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Page 1

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Shapes of molecules and ions
Demonstrate an understanding of the use of electron-pair repulsion theory to interpret and
predict the shapes of simple molecules and ions
pairs of electrons around the central atom repel each other to a position of maximum
separation and minimum energy
lone pairs have a greater…

Page 2

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Pairs of electrons Shape Bond angle
2 Linear 180
3 Trigonal planar 120
4 Tetrahedral 109.5
5 Trigonal bipyramid 90 and 120
6 Octahedral 90

Apply the electron-pair repulsion theory to predict the shapes of molecules and ions of the above




Pyramidal




Discuss the different structures formed by carbon atoms,…

Page 3

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Diamond
each carbon atom forms four identical bonds to other carbon atoms
tetrahedral arrangement
strong covalent bonds
o very high melting point
o sublimes
o hard; used in drill tips and saws
o good thermal conductor as vibrations travel easily through the stiff lattice
o doesn't conduct electricity because electrons…

Page 4

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Between the extremes of pure ionic and pure covalent bonding there is a range of intermediate
bonds. Polarization of ions leads to distorted ionic bonds. If the polarization is large, the electron
density is distorted so much it will resemble a covalent bond.
if the difference in electronegativity is high,…

Page 5

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Relate the physical properties of materials to the types of intermolecular force present, eg.
The trends in boiling and melting temperatures of alkanes with increasing chain length
o London forces are stronger for larger molecules as they have more electrons
The effect of branching in the carbon chain on the…

Page 6

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Redox
Demonstrate an understanding of:
Oxidation number - the rules for assigning oxidation numbers
o elements have an oxidation number of 0
o group 1 and 2 always have an oxidation number of +1 and +2
o hydrogen is always +1, except in hydrides, where it is -1
o oxygen…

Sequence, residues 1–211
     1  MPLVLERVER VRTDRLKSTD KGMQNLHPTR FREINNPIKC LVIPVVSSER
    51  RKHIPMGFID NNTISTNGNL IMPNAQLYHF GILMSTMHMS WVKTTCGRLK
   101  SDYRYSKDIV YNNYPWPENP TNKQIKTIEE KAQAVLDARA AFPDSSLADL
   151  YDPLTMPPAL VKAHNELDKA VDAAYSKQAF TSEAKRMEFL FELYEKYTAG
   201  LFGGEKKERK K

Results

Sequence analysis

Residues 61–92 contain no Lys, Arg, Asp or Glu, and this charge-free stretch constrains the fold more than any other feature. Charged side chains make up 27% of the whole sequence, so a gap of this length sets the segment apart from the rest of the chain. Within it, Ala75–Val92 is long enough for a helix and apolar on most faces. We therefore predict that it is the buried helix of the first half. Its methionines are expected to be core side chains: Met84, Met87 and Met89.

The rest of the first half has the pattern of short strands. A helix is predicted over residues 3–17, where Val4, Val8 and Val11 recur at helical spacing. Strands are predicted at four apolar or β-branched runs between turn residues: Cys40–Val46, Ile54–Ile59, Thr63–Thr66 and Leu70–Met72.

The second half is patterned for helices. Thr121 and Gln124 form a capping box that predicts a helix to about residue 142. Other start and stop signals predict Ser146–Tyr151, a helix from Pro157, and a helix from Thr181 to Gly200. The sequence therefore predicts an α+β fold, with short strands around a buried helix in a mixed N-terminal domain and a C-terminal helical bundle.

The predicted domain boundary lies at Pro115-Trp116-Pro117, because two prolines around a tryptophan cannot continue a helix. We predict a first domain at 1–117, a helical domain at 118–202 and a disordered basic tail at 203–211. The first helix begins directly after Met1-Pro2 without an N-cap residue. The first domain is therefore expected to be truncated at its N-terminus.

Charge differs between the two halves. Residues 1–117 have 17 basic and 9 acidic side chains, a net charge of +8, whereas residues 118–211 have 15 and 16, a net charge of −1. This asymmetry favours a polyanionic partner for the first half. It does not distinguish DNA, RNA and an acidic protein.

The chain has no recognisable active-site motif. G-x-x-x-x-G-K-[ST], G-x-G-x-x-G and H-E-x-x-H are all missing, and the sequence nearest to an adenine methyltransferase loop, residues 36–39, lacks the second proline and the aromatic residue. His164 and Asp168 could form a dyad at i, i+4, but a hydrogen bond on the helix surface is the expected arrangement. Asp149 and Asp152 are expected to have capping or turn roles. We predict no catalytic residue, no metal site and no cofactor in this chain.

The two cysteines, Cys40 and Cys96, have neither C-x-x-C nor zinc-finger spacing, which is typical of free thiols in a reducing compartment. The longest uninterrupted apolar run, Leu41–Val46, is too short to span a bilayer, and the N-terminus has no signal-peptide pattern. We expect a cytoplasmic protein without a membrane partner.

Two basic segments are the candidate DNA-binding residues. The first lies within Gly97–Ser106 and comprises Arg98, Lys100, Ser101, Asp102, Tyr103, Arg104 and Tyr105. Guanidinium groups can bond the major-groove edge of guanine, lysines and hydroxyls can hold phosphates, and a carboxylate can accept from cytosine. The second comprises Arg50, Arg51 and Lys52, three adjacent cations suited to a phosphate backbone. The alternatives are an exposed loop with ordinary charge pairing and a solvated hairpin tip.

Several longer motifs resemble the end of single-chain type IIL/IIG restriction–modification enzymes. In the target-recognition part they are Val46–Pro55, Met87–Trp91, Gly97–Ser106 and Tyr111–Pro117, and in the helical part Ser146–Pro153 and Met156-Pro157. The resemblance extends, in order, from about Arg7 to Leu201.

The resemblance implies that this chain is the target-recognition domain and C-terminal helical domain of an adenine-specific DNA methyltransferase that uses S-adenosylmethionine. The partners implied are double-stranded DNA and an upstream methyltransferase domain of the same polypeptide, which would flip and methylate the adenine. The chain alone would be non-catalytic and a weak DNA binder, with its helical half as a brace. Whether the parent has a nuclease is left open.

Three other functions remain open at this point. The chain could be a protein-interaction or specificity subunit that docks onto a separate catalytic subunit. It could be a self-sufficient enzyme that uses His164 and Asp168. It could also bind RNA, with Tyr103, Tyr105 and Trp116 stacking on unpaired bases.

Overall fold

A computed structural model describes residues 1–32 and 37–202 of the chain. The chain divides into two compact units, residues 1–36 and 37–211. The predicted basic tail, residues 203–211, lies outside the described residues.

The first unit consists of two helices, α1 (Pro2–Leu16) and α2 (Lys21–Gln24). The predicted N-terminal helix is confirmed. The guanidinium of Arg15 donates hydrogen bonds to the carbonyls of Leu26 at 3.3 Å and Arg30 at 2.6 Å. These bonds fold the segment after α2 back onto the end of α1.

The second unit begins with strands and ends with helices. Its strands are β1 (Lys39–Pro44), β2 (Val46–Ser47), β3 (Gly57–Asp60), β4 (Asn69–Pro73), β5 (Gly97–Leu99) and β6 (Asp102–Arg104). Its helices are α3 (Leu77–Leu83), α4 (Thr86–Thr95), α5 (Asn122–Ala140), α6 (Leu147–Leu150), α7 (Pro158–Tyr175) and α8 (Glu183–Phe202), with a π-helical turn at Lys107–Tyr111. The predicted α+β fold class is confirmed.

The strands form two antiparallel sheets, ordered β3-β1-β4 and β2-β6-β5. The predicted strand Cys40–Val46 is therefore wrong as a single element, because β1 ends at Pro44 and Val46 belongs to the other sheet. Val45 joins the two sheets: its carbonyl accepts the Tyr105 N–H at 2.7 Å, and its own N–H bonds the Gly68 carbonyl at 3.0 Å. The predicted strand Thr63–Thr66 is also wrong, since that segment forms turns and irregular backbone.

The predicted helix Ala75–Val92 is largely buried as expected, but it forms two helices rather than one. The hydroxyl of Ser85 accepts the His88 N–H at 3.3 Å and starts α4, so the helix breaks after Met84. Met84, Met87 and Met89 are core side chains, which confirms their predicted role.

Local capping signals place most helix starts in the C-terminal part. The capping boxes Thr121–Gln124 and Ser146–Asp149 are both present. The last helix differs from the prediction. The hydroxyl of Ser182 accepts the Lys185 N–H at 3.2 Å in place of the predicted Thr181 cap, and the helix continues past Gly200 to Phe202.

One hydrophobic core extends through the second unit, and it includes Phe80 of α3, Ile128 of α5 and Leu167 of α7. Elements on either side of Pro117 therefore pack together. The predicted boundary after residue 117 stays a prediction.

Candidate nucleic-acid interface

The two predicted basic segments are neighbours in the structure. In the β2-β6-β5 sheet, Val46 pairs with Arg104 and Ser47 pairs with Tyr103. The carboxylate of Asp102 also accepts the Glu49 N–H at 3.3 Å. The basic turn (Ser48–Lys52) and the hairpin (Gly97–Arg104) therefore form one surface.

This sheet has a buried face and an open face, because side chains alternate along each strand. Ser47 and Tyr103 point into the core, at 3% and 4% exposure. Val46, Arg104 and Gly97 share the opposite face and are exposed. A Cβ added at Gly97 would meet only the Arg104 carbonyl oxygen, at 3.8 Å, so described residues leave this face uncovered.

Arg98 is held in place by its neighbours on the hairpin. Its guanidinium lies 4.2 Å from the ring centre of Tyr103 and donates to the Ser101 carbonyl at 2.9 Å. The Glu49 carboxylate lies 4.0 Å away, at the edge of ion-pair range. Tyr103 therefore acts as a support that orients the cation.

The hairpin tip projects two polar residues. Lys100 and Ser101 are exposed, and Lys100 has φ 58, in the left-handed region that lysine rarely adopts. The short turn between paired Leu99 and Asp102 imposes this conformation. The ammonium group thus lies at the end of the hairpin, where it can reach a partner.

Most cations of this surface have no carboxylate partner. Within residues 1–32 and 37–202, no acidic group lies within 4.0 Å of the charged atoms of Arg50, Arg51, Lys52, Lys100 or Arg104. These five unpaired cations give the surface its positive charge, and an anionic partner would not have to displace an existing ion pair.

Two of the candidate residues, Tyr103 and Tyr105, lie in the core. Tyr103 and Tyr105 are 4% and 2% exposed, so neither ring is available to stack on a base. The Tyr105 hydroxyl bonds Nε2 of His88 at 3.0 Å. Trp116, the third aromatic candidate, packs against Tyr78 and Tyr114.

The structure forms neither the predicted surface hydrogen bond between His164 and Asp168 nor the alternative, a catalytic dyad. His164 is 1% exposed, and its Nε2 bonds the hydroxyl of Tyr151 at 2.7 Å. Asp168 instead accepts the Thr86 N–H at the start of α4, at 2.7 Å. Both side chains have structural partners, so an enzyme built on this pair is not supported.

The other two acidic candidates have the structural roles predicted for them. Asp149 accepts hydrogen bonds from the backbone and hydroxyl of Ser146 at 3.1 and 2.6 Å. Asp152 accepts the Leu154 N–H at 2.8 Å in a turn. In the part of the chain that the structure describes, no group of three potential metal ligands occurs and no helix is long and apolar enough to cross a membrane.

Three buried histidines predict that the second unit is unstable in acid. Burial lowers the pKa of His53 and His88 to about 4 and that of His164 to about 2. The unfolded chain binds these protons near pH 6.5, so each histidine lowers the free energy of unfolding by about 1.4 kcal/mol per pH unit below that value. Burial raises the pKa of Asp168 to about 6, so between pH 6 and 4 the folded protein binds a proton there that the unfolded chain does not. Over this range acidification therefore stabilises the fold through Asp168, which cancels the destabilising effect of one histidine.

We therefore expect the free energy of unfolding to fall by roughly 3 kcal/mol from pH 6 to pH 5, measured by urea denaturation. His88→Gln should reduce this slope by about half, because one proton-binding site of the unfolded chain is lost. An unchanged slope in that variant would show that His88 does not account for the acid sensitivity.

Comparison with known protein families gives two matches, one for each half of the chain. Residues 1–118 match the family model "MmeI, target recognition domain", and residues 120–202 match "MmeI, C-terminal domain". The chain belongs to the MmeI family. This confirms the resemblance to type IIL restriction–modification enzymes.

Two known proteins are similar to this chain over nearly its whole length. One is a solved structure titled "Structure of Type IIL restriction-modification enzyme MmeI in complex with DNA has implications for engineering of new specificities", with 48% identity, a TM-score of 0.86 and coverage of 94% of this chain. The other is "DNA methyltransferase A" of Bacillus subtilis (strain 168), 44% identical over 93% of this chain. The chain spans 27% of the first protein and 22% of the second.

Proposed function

Page 7

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Recall the reaction of the elements in group 2 with oxygen, chlorine and water
Oxygen:
All react to form solid metal oxides
Reactivity increases down group
Mg (s) + 0.5O2(g)--> MgO (s)

Chlorine:
All react to from solid metal chlorides
Mg(s) + Cl2(g) --> MgCl2(s)

Water:
Beryllium won't react unless…

Page 8

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Recall the characteristic flame colours formed by group 1 and 2 compounds and explain their
origin in terms of electron transitions
Sodium: yellow (sunny sodium)
Potassium/Caesium: lilac
Lithium/Calcium/Strontium: red
Barium: green (BaG)
Magnesium: colourless

Electrons are given energy and are excited to higher energy levels. However, they fall back down…

Page 9

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- Red-brown gas/liquid (very volatile)
- Partially soluble in water
- Very soluble in a hydrocarbon solvent
- Red-brown solution in both cases
Iodine:
- Grey-black solid
- Sublimes on heating giving a purple gas
- Slightly soluble in water giving a brown solution
- Very soluble in hydrocarbon giving…

Page 10

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- (however, if starch is added too soon, iodine makes an insoluble compound with the
starch and won't react as expected with the thiosulfate)
Evaluation of the results:
- difficult to determine accurately the volume of the liquid in a burette if the meniscus lies
between two graduation marks
-…

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